The L.A.M.Blog_A_Thon kicks off this month with the theme "Who are you thankful for?", the idea being to show some appreciation for film professionals other than actors and directors. I've decided to focus on the people behind the music in movies.
It seems impossible to talk about movie music without mentioning John Williams. He's well-known, well-respected, and has written some very beautiful film scores. The musical themes Williams creates are memorable and always seem to strike the right emotional chord. Can you think of an Indiana Jones movie without having the music come to mind? I know I can't. Superman and Jurassic Park also have instantly recognizable themes. And can you imagine the Star Wars universe without the John Williams score? Funky 70s music could have easily sent the first film into camp instead of classic, but the music John Williams composed elevates the whole thing. Williams can also do a lot with only a few notes, as proved by Jaws and Close Encounters of the Third Kind. I also love the music from Catch Me if You Can. Sample it in the wonderfully stylized opening title sequence.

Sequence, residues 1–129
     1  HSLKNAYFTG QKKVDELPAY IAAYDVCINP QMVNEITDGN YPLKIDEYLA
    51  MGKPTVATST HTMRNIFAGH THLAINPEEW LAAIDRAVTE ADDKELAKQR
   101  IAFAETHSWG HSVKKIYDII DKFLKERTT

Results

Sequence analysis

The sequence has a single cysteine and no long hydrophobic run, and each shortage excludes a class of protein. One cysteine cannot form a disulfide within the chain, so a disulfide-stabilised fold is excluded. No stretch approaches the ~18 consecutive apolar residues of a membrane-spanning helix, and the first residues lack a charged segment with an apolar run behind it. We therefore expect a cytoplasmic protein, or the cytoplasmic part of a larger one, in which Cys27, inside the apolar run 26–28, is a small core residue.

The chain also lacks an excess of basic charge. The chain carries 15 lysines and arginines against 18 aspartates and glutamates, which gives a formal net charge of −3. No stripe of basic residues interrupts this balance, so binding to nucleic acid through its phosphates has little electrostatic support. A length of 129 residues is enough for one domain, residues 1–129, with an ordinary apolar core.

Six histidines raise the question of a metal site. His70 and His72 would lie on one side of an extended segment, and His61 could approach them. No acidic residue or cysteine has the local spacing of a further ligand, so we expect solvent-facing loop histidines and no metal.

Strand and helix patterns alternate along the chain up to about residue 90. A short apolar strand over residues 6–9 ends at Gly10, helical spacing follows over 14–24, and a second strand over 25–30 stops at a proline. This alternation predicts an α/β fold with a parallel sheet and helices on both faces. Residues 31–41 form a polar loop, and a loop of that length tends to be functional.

Another film composer I like is Henry Mancini. He's probably best known for The Pink Panther's jazzy theme and Breakfast at Tiffany's "Moon River". For the latter he had the lyrical help of Johnny Mercer, who also penned the words to Mancini's "Charade" and "Days of Wine and Roses".
Johnny Mercer is probably my favorite lyricist ever. His songs show he really loved language, playing with words for some very clever lines. In addition to the songs mentioned above that he did with Mancini, he also wrote the words for many other great songs used in movies. Credit him for the lyrics to: "In the Cool, Cool, Cool of the Evening", "Ac-cent-tchu-ate the Positive", "Blues in the Night", "Hooray for Hollywood", "Too Marvelous for Words", "You Must Have Been a Beautiful Baby", "Come Rain or Come Shine", "Jeepers Creepers", "One For My Baby (and One More For the Road)", "Laura", and all the songs in Seven Brides for Seven Brothers. He wrote both words and music for "Something's Gotta Give", "Dream (When You're Feeling Blue)", and "I'm an Old Cowhand". Although many of these songs were written for old movies, a quick look at Mercer's imdb page shows that his work has withstood the test of time, as his songs are still showing up in movies today. Way to go, Johnny.
While great movies need great writers, actors and directors, great music can really become an essential part of a film and enhance the movie-watching experience. So I'm grateful for movie music and the talented people that make it happen.
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